• (source: Nielsen Book Data)9780190238940 20160618
Bringing together practical methods from both history and composition, Writing History: A Guide for Students, Fifth Edition, provides a wealth of tips and advice to help students research and write essays for history classes. Now with a lay-flat binding that further increases the book's utility, Writing History covers all aspects of writing about history, including finding and researching topics, interpreting source materials, drawing inferences from sources, and constructing arguments. It concludes with three chapters that discuss writing effective sentences, using precise wording, and revising. Using numerous examples from the works of cultural, political, and social historians, Writing History serves as an ideal text for any history course that asks students to conduct research.
(source: Nielsen Book Data)9780190238940 20160618
Green Library
HISTORY-209S-01
Book
xix, 329 p. : ill ; 21 cm.
The Information-Literate Historian is the only book specifically designed to teach today's history students how to successfully select and use sources-primary, secondary, and electronic-to carry out and present their research. Expanded and updated, the second edition of TheInformation-Literate Historian continues to be an indispensable reference for historians, students, and other readers doing history research.
(source: Nielsen Book Data)9780199926046 20160608
Green Library
HISTORY-209S-01
Book
ix, 155 p. : ill., maps ; 23 cm.
  • Preface.Chapter One: Framing the Middle Ages.Chapter Two: Tracing the Middle Ages.Chapter Three: Reading the Middle Ages.Chapter Four: Debating the Middle Ages.Chapter Five: Making and Remaking the Middle Ages.Further Reading.Index.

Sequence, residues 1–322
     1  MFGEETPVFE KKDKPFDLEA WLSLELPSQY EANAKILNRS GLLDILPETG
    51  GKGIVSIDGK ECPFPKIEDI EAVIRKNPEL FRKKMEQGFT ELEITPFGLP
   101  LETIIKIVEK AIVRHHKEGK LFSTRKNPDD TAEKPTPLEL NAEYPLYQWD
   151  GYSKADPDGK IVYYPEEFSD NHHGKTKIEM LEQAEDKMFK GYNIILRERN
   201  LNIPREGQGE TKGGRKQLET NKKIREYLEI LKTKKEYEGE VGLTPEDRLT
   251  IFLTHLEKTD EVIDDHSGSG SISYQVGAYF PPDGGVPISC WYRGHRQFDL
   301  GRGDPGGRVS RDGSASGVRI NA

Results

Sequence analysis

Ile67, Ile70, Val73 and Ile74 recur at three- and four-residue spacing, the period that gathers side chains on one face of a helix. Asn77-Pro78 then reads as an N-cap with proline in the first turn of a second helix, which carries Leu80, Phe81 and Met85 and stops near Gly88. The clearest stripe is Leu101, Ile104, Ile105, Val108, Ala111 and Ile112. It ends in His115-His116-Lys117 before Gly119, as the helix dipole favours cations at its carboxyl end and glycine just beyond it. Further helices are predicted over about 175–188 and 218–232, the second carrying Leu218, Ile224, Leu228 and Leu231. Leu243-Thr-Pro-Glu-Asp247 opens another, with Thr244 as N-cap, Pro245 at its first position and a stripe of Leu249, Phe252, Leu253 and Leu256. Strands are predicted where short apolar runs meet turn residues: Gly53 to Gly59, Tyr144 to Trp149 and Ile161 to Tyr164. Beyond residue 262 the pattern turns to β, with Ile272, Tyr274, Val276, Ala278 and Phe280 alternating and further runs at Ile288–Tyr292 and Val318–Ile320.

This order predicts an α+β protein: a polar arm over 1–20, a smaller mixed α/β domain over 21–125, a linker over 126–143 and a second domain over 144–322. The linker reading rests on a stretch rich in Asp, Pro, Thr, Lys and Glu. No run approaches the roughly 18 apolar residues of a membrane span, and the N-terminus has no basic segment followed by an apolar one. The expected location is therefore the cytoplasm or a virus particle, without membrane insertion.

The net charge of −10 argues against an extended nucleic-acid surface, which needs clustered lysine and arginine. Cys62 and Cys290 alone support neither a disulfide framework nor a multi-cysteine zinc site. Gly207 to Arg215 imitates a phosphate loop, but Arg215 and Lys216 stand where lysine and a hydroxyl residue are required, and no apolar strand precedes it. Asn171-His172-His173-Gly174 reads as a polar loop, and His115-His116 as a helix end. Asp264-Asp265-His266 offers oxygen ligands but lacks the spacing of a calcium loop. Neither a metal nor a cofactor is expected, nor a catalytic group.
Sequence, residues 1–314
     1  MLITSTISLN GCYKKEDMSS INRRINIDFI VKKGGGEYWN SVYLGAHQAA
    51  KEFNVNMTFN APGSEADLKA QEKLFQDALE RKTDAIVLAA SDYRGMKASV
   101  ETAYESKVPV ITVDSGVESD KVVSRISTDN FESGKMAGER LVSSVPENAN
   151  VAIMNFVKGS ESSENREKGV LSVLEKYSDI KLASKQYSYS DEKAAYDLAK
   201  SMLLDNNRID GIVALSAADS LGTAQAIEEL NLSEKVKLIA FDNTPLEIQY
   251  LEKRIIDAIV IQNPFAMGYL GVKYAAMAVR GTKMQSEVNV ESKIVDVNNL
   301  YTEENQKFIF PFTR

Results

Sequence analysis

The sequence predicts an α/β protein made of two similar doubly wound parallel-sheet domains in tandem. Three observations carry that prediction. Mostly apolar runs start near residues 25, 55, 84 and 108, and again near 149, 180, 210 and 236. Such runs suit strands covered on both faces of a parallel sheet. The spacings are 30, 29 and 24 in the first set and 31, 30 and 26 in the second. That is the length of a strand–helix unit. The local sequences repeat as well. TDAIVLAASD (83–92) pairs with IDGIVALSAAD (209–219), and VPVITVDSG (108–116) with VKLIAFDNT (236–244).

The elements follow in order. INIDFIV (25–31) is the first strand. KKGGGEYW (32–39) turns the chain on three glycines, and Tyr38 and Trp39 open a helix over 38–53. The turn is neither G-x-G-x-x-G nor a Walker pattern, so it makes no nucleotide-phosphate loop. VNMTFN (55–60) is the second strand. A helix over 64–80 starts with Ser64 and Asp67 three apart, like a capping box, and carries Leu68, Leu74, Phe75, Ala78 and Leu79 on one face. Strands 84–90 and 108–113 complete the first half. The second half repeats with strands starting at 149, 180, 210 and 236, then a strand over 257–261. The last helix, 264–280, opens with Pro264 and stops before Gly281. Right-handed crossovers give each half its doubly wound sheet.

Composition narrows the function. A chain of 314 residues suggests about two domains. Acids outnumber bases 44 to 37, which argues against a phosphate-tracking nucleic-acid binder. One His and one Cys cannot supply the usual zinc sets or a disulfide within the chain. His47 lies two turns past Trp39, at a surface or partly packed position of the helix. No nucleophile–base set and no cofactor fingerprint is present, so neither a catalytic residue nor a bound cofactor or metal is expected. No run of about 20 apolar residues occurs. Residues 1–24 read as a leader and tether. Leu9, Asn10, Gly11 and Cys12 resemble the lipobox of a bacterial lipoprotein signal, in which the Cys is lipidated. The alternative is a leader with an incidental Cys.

• (source: Nielsen Book Data)9780745639338 20160528
What is it that medieval historians do? And how and why do they do it? "What is Medieval History?" provides an accessible, far-ranging and passionate guide to the study of medieval history. The book discusses the creation of the academic field, the nature of the sources, the intellectual tools used by medievalists, and some key areas of thematic importance from the fall of the Roman Empire to the Reformation. Students, teachers, researchers and interested general readers will find the book an invaluable guide.The author explores his field through numerous fascinating case studies, including a magical plot against a medieval pope, a fourteenth-century insurrection, and the importance of a kiss exchanged between two tenth-century noblemen. Throughout the book, readers are shown not only what medieval history is, but the cultural and political contexts in which medieval history has been written. And, above all, "What is Medieval History?" demonstrates why the pursuit of medieval history continues to be important to the present and future world.
(source: Nielsen Book Data)9780745639338 20160528
Green Library
HISTORY-209S-01
Book
viii, 158 p. ; 23 cm.
Green Library
HISTORY-209S-01
Book
251 p. ; 24 cm.